You should review and update your budget regularly so it more accurately reflects the current situation.   Measure actual performance against budget and make adjustments where necessary to keep your business on target and allow for contingencies.



Working for families is a new government initiative to help working families gain assistance.  To view information to see if you may now be entitled to receive family assistance under the new criteria, check out the website at



In some cases trusts are not deemed taxpayers, and there is no need to obtain an IRD Number.

If a family trust is a taxpayer it must have an IRD Number and have a return of income filed each year.   Whether the trust is deemed to be a taxpayer depends on whether it earns income or has any income-earning assets.   These would include:

bank accounts

shares or other investments

business assets that produce income

If the trust has no income and no income-earning assets it is not a taxpayer, therefore no IRD Number is required.   An example of this would be a family trust that owns a family home but no other assets.

If you have a family trust with an IRD Number that has been allocated in error, you can contact IRD in writing and the IRD Number will be ceased.



Income thresholds for student loan repayments and interest write-offs will rise from 1 April 2005.

The income level at which borrowers must begin to repay their loans will rise from $16,172 to $16,588.   The maximum income level for a full interest write-off for part time students will rise from $26,140 to $26,799.

Borrowers whose income is below the repayment threshold will not have to make repayments on their loans and a large portion of their interest will be written off.

Full-time, full-year students will continue to receive a full interest write-off while they are studying, regardless of their income.



Inland Revenue has recently warned professionals and others who are reducing their taxable income by operating through trading trusts.

Following a ruling by the Taxation Review Authority (TRA), the department warned people to "consider taking advice" as the arrangements may be subject to review by IRD.

IRD had been asked to comment on common structures which have the effect of income minimisation, involving income generated from professional or skilled services using trusts.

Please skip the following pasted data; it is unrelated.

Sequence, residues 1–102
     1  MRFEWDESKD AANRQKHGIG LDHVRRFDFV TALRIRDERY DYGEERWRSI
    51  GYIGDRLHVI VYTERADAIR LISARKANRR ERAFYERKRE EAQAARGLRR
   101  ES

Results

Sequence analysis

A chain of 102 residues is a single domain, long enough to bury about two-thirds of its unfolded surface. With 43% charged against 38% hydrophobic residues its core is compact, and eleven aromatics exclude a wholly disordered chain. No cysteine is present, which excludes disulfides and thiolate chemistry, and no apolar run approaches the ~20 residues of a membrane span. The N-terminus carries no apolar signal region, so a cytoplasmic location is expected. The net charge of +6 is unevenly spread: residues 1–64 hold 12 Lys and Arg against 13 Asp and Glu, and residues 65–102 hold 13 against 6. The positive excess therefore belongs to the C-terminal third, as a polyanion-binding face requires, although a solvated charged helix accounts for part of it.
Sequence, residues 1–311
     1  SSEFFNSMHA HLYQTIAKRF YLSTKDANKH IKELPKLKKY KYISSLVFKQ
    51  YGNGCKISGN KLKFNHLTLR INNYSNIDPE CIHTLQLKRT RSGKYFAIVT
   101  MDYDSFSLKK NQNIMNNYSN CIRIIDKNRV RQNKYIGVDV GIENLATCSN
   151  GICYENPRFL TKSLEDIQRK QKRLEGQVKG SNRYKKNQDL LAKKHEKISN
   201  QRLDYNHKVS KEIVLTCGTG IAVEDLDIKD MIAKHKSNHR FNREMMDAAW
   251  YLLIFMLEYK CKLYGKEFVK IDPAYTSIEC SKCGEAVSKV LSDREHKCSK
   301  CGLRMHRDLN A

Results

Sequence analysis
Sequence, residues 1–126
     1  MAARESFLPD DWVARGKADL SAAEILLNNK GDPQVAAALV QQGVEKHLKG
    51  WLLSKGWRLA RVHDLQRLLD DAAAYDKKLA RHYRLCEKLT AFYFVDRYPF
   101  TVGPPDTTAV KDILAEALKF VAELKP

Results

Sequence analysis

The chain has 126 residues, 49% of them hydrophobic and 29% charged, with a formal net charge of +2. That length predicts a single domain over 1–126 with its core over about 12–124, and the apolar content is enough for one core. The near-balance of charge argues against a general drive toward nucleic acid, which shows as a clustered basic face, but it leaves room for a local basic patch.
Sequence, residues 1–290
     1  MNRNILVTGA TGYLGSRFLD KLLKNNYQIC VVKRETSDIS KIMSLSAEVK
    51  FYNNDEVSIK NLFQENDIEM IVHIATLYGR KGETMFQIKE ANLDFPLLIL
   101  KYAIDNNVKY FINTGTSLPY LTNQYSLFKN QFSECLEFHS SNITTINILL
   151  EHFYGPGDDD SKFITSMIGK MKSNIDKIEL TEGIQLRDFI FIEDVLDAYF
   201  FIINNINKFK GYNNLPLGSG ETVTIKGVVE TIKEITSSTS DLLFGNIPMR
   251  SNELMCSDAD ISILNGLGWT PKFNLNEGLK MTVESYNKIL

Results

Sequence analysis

It said interest in the issue, which was not new, had been rekindled following a TRA case in which the authority held that a dentistry practice was transferred to, and carried on, by a "trading" trust for tax avoidance purposes.

"Inland Revenue has always looked closely at situations where professional people conduct their business through trusts, and sometimes companies, which they or their families control," said IRD deputy commissioner Naomi Ferguson.

Ferguson said it was by no means the case that every professional operating through a trust was doing so for tax reasons but the department had concerns that some professionals, after becoming employees of associated trusts or companies, were setting their incomes at levels considerably below what they could earn as self-employed practitioners.

In these cases some, or all, of the difference in income might be distributed by the trust to other family members as beneficiaries to save tax. This can result in the professional appearing to earn an unreasonably low level of income, she said.

"There may be legitimate reasons for these arrangements, and we will look at each case on its own facts."

She said it was very difficult to set down rigid rules.

"We do not expect a full market salary to be paid where the business is operating at a loss or is earning very little.

"However, where business income generated by the skills of the proprietor is at, or more than a relevant market salary, we would expect at a minimum that a market salary is paid. Our view is that generally, income gained from personal skills should be taxed in the hands of the person who generates the income."

IRD would consider several factors to assess the purpose of the arrangement, including:

* The taxpayer's commercial reasons for using the structure.

* The way that arrangements are actually implemented and operated.